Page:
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From the Archives: Air Force One and Presidential Air Travel

The President of the United States must be ready to travel anywhere in the world on a moment’s notice. Fortunately, modern Presidents have access to a variety of transportation options, including flying aboard Air Force One. Take a look at the history of this iconic symbol of the presidency throughout the years.


The President of the United States must be ready to travel anywhere in the world on a moment’s notice. Fortunately, modern Presidents have access to a variety of transportation options, including flying aboard Air Force One. Strictly speaking, the term “Air Force One” is used to describe any Air Force aircraft when the President is on board, but since the middle of the 20th century, it has been standard practice to use the title to refer to specific planes that are equipped to transport the Commander-in-Chief.

Franklin D. Roosevelt was the first sitting President to fly on an airplane when, in January 1943, he traveled aboard a Boeing 314 Clipper Ship called the Dixie Clipper to attend the Casablanca Conference in Morocco. Two years later, Roosevelt again flew abroad, this time aboard a converted military plane dubbed the Sacred Cow, to join Winston Churchill and Joseph Stalin at the Yalta Conference. The Sacred Cow did not have a pressurized cabin, so when it flew at high altitudes, oxygen masks were necessary for everyone on board. The plane was also equipped with an elevator that could accommodate President Roosevelt and his wheelchair for boarding and disembarking.

The Presidential plane has, from time to time, served not only as a mode of transportation, but also as a “flying Oval Office” upon which historic events have taken place. President Truman signed the National Security Act of 1947 — which established the United States Air Force as an independent branch of the Armed Services — while on board the Sacred Cow. Another notable moment in history took place on October 10, 1985: Ronald Reagan was midflight from Chicago to Washington, D.C. when he gave the order for Navy jets to intercept the plane carrying the men who had hijacked the cruise ship Achille Lauro.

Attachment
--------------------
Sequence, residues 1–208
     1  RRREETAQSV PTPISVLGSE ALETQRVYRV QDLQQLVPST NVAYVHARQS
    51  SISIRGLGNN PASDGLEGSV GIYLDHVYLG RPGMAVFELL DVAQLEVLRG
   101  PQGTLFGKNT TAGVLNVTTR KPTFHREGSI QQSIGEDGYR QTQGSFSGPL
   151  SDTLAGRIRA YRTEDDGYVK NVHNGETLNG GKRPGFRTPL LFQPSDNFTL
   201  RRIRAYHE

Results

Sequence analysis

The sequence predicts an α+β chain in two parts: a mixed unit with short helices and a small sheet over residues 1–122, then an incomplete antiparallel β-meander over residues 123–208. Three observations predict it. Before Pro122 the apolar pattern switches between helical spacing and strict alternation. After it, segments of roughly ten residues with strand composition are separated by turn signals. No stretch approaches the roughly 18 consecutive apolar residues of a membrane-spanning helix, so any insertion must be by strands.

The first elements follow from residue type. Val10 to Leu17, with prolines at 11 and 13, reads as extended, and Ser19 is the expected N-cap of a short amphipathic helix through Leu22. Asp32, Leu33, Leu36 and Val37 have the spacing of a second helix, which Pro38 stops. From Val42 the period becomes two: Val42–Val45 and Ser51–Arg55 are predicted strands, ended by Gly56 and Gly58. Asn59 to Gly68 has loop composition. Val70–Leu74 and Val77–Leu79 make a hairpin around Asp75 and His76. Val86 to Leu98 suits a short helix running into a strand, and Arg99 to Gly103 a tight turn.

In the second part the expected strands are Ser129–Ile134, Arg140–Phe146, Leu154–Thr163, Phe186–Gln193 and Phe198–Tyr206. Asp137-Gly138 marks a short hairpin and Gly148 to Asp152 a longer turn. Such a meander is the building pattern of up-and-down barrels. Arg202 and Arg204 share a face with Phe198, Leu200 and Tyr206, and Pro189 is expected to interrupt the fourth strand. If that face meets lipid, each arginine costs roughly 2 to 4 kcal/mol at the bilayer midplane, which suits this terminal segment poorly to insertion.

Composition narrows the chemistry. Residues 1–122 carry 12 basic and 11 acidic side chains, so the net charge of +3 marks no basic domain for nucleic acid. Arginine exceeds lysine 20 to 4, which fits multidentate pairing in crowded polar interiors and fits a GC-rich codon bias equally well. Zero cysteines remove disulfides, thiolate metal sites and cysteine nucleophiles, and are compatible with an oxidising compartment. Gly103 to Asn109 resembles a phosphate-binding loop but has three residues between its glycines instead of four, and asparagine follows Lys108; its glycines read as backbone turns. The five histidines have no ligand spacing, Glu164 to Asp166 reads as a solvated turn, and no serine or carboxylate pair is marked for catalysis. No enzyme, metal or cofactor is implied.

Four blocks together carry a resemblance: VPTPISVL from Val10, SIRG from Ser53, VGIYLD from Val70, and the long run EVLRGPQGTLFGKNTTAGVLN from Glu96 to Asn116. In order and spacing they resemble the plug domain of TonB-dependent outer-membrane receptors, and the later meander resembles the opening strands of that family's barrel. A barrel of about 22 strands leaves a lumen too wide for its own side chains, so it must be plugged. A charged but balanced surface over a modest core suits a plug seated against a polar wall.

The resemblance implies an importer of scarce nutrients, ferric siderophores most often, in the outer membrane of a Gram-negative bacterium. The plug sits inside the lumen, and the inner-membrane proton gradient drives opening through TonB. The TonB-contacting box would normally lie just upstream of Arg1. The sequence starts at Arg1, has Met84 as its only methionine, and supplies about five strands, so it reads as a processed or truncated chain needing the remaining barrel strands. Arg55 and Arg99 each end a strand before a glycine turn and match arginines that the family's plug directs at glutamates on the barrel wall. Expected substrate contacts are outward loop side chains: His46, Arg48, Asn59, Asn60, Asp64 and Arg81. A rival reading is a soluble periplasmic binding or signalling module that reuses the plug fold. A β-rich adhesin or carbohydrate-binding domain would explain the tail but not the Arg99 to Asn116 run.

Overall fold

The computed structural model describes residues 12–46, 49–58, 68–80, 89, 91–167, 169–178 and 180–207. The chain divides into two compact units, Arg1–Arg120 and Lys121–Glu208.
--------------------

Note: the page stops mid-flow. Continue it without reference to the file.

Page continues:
The Presidential Plane has also been the setting of lighter events and celebrations, such as on June 3, 1988, when the passengers of Air Force One celebrated the birthday of James McKinney — cake and all — in the air. McKinney was Director of the White House Military Office, whose duties (among others) includes maintaining and operating Air Force One. Cake was also on the menu when President Roosevelt celebrated his 61st birthday midflight on the Dixie Clipper, and again on March 16, 1974 when First Lady Pat Nixon celebrated her birthday while on board Air Force One.

In 1947, a DC-6 plane known as Independence took the place of the Sacred Cow, and with it came upgraded technology such as a radio typewriter and a pressurized cabin, which allowed for high-altitude flying without the use of oxygen masks. The Independence — named for Truman’s hometown in Missouri — featured an eagle painted on the nose, and an interior with a seating capacity of 24 (12 for sleeping).

President Eisenhower flew aboard two aircraft while in office, Columbine II and Columbine III, both named after the state flower of Colorado, and both four-engine, propeller-driven Lockheed Constellations. The original Columbine had been used by Eisenhower from 1951-52, as Commander of NATO in Europe. Columbine III remained the Presidential Aircraft throughout Eisenhower’s presidency, retiring on January 20, 1961, the day John F. Kennedy was sworn into office.

The popular use of the term “Air Force One” to refer to the Presidential airplane began with the Boeing 707 purchased for use by President John F. Kennedy. This aircraft, with the tail number 26000, flew the President to Germany, where he delivered his famous “Ich bin ein Berliner” speech in West Berlin. On November 22, 1963, Lyndon B. Johnson took the Presidential Oath of Office aboard the same plane following the assassination of President Kennedy in Dallas, Texas. Nearly 10 years later in 1972, President Richard Nixon made his historic visit to the People’s Republic of China, also on tail number 26000.

The next Air Force One to go into use (tail number 27000) is currently on display inside the Air Force One Pavilion on the grounds of the Reagan Presidential Library and Museum in Simi Valley, California. Used by Presidents Nixon through George W. Bush, Ronald Reagan flew in this plane more than any other President, logging over 660,000 miles in total. When he flew home to California after the inauguration of his successor, President George H.W. Bush, he again traveled aboard this plane. However, since it was no longer transporting a sitting President, it carried the name SAM (Special Air Mission) 27000 instead of Air Force One.  

There are currently two Boeing 747 airplanes designated as Air Force One, and both are equipped to allow the President to conduct official business while in flight, including secure communications, medical supplies, a conference room, and a Presidential suite. Today’s Air Force One can also refuel while in flight. Guests of the President — whether they be foreign dignitaries, White House staffers, or members of the press — can attend meetings, rest, or enjoy a meal from the galleys, which can feed up to 100 people at a time.

Check out this gallery of images to see how Presidential air travel has changed over the years, from the holdings of the Presidential Libraries and Museums of the National Archives